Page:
11 November 2015

What is the future of University fee deregulation under the new Government?

Author :

It had been a thorn in the side of the Abbott Government. An election promise of no changes to education in the lead up to the election win in 2013, rapidly followed by the announcement of massive funding cuts to the State’s education budget in the first Hockey Budget in 2014. The hits kept on coming as then Education Minister Christopher Pyne announced changes to the way University fee’s would be funded, and threatened a 20 per cent cut to the amount of research funding available to Australia’s universities.

With the announcement of Senator Simon Birmingham, the new Minister for Education and Training, on the 23rd of October 2015 of a $1.5 billion package that would guarantee $1,538.9 billion for research programmes funded through the Australian Research Council (ARC) from 2015 to 2019, it appears as though the Turnbull Government’s mantra of innovation and agility is more than just spin.

“High quality research can help save lives, protect the environment, raise living standards for people around the world, create business opportunities and efficiencies, and drive the innovation and creativity needed for the jobs of future.” Minister for Education and Training, Senator. The Hon. Simon Birmingham.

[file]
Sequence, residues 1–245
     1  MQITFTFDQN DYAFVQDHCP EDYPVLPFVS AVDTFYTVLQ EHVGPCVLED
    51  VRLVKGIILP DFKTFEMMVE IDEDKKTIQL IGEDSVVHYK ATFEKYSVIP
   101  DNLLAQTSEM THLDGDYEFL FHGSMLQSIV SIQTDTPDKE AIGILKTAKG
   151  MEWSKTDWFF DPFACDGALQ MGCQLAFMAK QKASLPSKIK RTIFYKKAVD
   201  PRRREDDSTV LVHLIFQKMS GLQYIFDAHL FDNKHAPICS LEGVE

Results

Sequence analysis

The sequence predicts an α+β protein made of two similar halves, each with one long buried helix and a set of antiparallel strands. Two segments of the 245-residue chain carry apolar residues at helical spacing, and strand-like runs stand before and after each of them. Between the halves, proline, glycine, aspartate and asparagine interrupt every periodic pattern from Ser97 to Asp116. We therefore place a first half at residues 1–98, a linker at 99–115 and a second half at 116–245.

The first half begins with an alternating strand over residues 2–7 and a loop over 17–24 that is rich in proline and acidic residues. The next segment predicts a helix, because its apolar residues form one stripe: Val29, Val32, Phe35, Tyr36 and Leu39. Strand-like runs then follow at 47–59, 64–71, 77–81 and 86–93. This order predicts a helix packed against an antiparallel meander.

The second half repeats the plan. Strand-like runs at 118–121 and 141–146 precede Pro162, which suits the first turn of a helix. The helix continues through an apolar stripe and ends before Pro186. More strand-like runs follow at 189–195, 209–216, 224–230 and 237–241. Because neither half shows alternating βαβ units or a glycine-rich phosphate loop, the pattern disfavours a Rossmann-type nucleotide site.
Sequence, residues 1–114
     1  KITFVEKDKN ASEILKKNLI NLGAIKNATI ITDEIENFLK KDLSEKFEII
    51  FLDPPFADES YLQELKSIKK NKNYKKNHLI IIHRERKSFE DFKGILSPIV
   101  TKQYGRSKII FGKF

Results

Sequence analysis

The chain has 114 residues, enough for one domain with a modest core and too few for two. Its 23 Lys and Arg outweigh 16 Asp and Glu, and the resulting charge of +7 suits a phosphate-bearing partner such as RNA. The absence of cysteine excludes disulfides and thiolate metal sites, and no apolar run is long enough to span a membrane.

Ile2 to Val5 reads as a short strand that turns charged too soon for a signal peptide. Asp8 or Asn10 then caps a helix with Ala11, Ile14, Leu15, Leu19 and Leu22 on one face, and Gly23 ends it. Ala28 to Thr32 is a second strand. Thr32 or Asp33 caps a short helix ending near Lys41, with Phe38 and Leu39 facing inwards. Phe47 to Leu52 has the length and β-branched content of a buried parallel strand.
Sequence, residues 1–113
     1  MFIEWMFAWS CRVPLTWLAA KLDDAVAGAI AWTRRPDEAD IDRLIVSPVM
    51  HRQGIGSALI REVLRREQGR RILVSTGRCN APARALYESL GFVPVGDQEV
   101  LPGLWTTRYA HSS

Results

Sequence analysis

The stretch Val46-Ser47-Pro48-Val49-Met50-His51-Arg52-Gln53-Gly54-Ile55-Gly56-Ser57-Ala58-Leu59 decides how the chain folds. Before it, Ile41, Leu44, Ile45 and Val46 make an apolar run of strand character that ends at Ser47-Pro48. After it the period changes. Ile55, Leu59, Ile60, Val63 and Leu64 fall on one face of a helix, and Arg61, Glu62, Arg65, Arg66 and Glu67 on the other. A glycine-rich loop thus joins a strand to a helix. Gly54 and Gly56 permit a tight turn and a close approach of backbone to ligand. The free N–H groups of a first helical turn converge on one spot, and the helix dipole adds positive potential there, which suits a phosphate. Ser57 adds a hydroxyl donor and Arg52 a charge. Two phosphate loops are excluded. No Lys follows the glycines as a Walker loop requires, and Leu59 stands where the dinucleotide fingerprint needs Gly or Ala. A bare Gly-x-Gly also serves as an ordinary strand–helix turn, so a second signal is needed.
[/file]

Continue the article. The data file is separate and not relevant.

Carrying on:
In a speech at the AFR Higher Education Summit, UNSW Vice-Chancellor Professor Ian Jacobs became the first of the powerful Group of 8 to speak publically against the previously proposed fee deregulation.

Professor Jacobs is quoted as saying the Vice-Chancellors around Australia were faced with “no other choice,” than to support deregulation of fees due to the 20% funding cut threatened in the government’s proposed Higher Education reforms.

In opposing the idea of fee deregulation, Professor Jacobs suggested the move created a debate to fix a problem that doesn’t exist. He suggested that any proposed funding changes, should be made regarding an increase in funding of University based research stating “the real challenge is to disentangle the funding of teaching and learning from the funding of research.”

Senator Birmingham has previously stated in an interview in early October 2015 that “any future reforms, should they be legislated, would not commence until 2017 at the earliest.”

This at least gives both Universities and students some peace of mind when it comes to higher education, and also suggest the Turnbull Government will go to the next election with a much clearer, and more defined Higher Education policy which should prevent the response the previous Government saw in 2014.

Mike Cullen has recently returned to Akolade after a period as the conference producer for one of Australia's leading economic think tanks. Mike began working in the conference industry in 2007 after looking for a career change from the high pressured world of inbound customer service. Mike has worked for some of the most well known conference and media companies in the B2B space and in his spare time is working on his first novel in a planned Epic Fantasy trilogy.

No comments :

Post a comment